Week Seven: Getting used to the new normal, for now

I was on the phone with one of my best friends last night while she was making extremely bougie looking nachos. She said she wanted to pretend she was having brunch out in Dublin.

We were chatting about aspects of our personality that we thought could do with some improvement.

“I don’t think I’m that adventurous, that’s something I want to work on.” 

“Hannah, you moved to Australia, I would say you are fairly adventurous.”

“I moved with my routine though.”

*Before saying the next statement, I want to make it very clear that I am in no way content that coronavirus is happening.*

I don’t mind lockdown.

Once again, I am not saying I love it and I am certainly not delighted that we are all living through a pandemic,

But, 

I don’t mind lockdown. 

Our favourite question to all our loved ones at the moment seems to be; “Well, how are you handling everything?” 

There’s a mixed response. Some people are finding it hard to cope without their routine, others are not finding it easy to spend so much time with their own thoughts, some are starting podcasts and even more are baking banana bread. 

I am not a university certified Self-care Specialist so feel free to take everything I am about to say here as you like. I can only ever offer my anecdotes and life experience. 

I think a lot of people are currently, or will soon struggle with the lack of structure, increased alone time and widespread worry lighting up our phone screens. People who thought they were completely content might realize that they actually hate their commute or even their industry. People might realize that they don’t like the house their living in, or their roommates or their roommate’s dog. Whatever. All I know is that loads of people are getting divorced in China after having to spend a significant amount of time together so that might be saying something about how so much time alone can change our perspective. 

We’re living through strange times, obviously, and each and every individual has a unique defence mechanism when they feel that life as they personally know it is being attacked.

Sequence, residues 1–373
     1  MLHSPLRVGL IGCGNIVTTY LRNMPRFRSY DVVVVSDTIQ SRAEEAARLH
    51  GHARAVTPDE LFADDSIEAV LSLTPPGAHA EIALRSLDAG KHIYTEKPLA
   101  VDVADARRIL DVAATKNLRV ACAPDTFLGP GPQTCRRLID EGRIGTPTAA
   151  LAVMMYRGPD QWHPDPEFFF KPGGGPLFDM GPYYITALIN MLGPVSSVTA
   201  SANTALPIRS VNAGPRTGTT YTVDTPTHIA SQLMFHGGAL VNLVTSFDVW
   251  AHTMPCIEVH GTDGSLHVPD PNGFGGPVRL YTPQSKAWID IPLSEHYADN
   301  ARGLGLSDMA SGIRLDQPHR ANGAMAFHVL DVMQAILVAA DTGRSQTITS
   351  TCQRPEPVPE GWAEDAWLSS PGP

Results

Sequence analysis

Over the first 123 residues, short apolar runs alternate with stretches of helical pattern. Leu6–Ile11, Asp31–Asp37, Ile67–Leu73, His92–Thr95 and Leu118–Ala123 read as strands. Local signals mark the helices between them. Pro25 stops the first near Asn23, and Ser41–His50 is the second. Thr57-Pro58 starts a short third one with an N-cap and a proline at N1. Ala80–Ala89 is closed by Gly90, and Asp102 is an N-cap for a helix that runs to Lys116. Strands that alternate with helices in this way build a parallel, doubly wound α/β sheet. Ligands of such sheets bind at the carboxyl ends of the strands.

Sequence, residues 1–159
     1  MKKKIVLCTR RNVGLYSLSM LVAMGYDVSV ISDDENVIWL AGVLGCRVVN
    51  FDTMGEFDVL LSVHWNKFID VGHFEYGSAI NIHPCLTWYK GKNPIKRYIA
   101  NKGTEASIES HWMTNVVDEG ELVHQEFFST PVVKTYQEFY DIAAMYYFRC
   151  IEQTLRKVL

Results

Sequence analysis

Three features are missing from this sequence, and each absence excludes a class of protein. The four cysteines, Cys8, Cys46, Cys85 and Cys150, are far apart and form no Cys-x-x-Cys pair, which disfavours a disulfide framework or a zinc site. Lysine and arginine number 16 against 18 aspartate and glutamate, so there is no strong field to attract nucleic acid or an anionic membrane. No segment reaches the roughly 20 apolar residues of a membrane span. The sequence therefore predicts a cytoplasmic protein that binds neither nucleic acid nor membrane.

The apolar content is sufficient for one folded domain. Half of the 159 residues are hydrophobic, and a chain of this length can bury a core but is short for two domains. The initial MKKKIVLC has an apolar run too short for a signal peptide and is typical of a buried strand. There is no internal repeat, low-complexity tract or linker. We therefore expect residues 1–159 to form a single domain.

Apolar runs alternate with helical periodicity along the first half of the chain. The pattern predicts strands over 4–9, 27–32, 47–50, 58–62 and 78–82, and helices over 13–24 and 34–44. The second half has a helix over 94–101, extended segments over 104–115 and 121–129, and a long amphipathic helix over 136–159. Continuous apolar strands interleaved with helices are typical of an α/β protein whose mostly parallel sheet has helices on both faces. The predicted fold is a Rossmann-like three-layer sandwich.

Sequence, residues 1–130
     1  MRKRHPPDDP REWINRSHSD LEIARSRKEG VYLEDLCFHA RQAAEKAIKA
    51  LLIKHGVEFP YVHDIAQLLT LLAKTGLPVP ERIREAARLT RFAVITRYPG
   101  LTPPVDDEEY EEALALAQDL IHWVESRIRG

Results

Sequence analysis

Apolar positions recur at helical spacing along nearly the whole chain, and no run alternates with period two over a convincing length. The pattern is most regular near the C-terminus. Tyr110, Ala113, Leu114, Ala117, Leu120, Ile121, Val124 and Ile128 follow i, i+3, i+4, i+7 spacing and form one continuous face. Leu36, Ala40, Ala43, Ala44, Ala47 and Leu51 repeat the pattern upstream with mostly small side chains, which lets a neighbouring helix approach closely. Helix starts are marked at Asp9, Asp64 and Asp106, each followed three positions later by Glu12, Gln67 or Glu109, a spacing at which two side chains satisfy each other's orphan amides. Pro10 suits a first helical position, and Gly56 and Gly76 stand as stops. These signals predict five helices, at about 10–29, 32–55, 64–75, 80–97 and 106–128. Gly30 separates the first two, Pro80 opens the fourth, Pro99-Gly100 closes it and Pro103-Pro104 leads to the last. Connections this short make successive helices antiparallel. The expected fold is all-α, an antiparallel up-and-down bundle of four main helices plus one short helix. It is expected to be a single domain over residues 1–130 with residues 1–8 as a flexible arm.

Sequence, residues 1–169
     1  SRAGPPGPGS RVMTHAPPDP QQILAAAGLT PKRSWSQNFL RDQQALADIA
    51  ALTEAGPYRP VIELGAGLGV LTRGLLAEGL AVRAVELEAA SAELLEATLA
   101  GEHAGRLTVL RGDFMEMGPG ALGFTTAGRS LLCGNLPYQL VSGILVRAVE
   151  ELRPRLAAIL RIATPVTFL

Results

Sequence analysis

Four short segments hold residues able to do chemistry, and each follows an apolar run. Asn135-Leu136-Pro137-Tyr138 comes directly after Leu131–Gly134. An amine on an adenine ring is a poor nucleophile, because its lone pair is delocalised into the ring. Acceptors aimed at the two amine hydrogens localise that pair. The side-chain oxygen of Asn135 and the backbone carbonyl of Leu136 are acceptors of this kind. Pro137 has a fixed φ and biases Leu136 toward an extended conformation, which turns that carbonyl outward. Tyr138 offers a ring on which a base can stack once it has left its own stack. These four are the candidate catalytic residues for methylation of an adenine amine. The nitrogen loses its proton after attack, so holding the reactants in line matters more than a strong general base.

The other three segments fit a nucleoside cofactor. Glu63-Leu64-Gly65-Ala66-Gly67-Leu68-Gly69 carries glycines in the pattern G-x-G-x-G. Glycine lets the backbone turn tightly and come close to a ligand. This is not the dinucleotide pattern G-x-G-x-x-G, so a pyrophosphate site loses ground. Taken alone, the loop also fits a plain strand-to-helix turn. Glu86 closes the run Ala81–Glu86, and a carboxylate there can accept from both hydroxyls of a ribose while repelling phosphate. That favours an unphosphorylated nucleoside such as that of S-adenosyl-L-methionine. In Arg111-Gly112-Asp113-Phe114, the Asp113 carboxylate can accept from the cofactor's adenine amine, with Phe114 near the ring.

For week seven’s blog, I want to help anyone who might be reading this, anyone who might be reading this and might be feeling a bit yuck in their current circumstances.

Q. So, why would anyone listen to my advice, the advice of someone who is not a Selfcare Specialist, in the hope of improving their likelihood of staying sane?

A. I spent a significant time visiting a number of mental health professionals in an effort to overcome anorexia and anxiety. As many of us know, both conditions are often deeply rooted in feeling out of control. At present, many of us may be feeling like life is a little out of control.

My experience of both the condition and the treatment left me with a great skill. That skill is recognizing and managing my mood before it gets to breaking point. 

You don’t need to have, or previously have had anorexia or anxiety or any emotional illness to be having a shit time during the lockdown. You may have thought you were the most laid back person up until this whole thing kicked off. Maybe that’s changed now. Maybe you’re experiencing feelings that are making you feel overwhelmed. Maybe you’re genuinely feeling worried about how you feel. 

All of this is okay and totally natural. 

The only reason I am genuinely okay at the moment is because I have put a serious amount of time into learning how to look after my emotional wellness. It’s a formulaic routine. I might seem adventurous or feel like I’m doing something scary, such as moving to Australia but wherever I go, my routine comes with me. 

Maybe having a routine will help you too. 

If you’re feeling shit, here are a few things that I think will genuinely help you.

Write down why you’re feeling shit

Whether it’s a scattering of words or a short novel, just rip out a sheet and write down everything that is causing you to feel negative. Once you have that jotted down, create another column and write down what might help alleviate the negative emotion. 

Eg.

  1. I feel claustrophobic and trapped in the house all day.
  2. Maybe if I go out to the garden and water the plants or read my book outside I’ll feel better.

Eg. 

  1. I feel lonely and unmotivated to do anything
  2. Maybe I should face-time my friend and we can come up with a hobby we can do together remotely.